In the aftermath of World War II, strong-willed Antonia and her daughter return to their small hometown and foster a vibrant circle of strong, liberated women where feminism and liberalism thrive.
In the early scenes of Antonia’s Line, there is a moment where a graffiti-covered building briefly appears behind Antonia as she returns to her hometown with her 16-year-old daughter Danielle after the end of World War II. And one of the graffiti says, “We welcome our liberators.” Though there is likely a reference to the wartime situation, it becomes clear after watching the film that connecting Antonia’s appearance with the concept of liberation is straightforward. Antonia is a strong and resilient woman who walks confidently into a conservative Christian village, tills the land, sows seeds, and creates a supportive and caring community. Various individuals who do not belong to mainstream society find joy and happiness around Antonia’s dining table, where they can redefine the meaning of “family.” If Antonia’s Line, truly represents liberation, it does so by actively exploring the possibility of enjoying elements previously confined and controlled under patriarchal family structures, such as nurturing and sexuality. Women who do not need husbands and daughters without fathers love more passionately, raise children, and discover their abilities. The film adds humor through fantastical scenes while embracing the coldness of reality and the emptiness of life. In this way, death also becomes a part of life and fills Antonia's world. [Programmer SON Sinae]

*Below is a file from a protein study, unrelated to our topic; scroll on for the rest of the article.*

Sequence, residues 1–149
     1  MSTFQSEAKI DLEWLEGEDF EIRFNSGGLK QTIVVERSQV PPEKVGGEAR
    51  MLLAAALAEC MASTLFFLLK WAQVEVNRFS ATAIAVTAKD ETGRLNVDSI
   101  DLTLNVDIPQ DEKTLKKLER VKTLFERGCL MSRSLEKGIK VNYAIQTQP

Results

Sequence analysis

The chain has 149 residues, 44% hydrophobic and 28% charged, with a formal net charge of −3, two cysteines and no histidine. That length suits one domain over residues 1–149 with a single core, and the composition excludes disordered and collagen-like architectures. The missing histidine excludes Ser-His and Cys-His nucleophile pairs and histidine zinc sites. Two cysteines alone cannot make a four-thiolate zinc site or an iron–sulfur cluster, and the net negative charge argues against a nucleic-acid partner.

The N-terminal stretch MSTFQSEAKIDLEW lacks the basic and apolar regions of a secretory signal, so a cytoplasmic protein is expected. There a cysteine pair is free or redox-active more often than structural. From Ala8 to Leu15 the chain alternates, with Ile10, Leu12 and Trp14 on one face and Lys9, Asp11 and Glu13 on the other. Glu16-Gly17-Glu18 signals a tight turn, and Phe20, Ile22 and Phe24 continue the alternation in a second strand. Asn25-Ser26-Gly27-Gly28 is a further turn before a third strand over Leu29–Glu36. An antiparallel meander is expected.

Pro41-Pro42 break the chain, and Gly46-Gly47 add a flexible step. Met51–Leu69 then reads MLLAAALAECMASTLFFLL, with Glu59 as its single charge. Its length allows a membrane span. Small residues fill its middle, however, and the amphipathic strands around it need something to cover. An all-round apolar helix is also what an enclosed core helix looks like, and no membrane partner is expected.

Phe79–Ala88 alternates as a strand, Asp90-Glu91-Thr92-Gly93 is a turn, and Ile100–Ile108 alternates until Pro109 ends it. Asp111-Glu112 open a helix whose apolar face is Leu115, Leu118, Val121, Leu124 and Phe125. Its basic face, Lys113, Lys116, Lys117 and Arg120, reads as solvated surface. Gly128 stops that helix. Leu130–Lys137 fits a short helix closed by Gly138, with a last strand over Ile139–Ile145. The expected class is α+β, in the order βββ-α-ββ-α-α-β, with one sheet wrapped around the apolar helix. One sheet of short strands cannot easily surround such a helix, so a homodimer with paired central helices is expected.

|223||2023-08-26 | 16:30 - 18:13||MEGABOX SangamWorldcup 5|
|413||2023-08-28 | 16:00 - 17:43||MEGABOX SangamWorldcup 4|
Marleen Gorris shot into the international spotlight with her debut feature, which is the seminal award winning A Question of Silence (1982). Antonia's Line is Marleen's fourth feature.
|Film Consortium | Brian SHINGLES | email@example.com|